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Ogwal Francis, co-chair for the Convention of Biological Diversity’s Open-Ended Working Group for a post-2020 global biodiversity framework
Ogwal Francis, co-chair for the Convention of Biological Diversity’s Open-Ended Working Group for a post-2020 global biodiversity framework.
NATURE
21 June 2022 11:06

Video: Why does nature loss receive less international attention than climate change?

Multiple Authors

06.21.22
NatureVideo: Why does nature loss receive less international attention than climate change?

Humans are having an unprecedented and unparalleled impact on the natural world.

Around 70% of land and 87% of the ocean have been “significantly altered” by humans. Food production for humans takes up to half of the planet’s habitable surface.

Because of humans, one million animal and plant species now face extinction, many within decades.

And threats to the world’s species – relied upon by billions for food, water and other ecosystem services – are only set to worsen with climate change, which is expected to overtake land conversion to become the biggest threat to biodiversity this century.

As Carbon Brief recently reported in an in-depth explainer, a growing field of research shows that climate change and biodiversity loss are deeply connected, sharing common drivers and – in some cases – possible solutions.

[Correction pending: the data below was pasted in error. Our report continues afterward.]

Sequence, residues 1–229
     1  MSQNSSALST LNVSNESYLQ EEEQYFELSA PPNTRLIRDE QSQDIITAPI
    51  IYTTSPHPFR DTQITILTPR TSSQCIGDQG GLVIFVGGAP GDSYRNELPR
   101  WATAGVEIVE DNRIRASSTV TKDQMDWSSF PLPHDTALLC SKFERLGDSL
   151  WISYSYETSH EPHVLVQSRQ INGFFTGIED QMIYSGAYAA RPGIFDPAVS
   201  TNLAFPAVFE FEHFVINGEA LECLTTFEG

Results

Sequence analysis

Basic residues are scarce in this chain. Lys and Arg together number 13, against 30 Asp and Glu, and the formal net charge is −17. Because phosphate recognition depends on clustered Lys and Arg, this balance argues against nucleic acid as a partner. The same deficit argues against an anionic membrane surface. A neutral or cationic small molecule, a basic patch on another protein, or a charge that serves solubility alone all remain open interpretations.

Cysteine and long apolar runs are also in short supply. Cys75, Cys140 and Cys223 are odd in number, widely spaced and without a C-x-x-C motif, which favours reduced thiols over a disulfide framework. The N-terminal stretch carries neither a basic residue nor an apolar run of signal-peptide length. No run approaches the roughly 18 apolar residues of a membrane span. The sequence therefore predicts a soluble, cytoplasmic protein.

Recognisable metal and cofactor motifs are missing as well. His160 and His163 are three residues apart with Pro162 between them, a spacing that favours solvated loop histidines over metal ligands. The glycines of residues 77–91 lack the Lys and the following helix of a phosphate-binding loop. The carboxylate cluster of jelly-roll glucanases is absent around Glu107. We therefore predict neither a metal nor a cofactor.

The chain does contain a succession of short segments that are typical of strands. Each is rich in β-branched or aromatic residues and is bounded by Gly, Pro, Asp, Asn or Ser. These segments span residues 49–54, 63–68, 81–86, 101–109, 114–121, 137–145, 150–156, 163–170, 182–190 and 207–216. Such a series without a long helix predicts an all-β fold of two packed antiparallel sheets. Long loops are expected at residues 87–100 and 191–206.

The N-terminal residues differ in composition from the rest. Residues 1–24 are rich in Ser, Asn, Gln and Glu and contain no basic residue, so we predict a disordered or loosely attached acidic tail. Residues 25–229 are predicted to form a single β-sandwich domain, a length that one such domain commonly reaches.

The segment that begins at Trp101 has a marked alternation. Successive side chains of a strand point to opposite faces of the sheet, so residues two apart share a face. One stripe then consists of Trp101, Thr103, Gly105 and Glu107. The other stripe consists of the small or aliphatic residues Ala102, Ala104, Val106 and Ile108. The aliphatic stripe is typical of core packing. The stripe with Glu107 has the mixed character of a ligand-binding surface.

However, climate change and biodiversity loss are currently addressed at separate UN summits, with the next climate talks, COP27, taking place in Egypt in November and the next biodiversity talks, COP15, taking place in Montreal, Canada in December.

The UN biodiversity talks have historically received less international attention than their climate counterparts.

For example, biodiversity summits are less well attended by world leaders and the media, and funds to tackle the issue mulled by negotiators tend to be “in the millions rather than the billions”, one expert in UN summits told Carbon Brief.

In the video below, recorded at preparatory talks for COP15 held in Geneva in March, a range of stakeholders, from UN representatives to activists, explain why they think biodiversity loss receives less international attention than climate change.

Video by Joe Goodman for Carbon Brief.

The video features:

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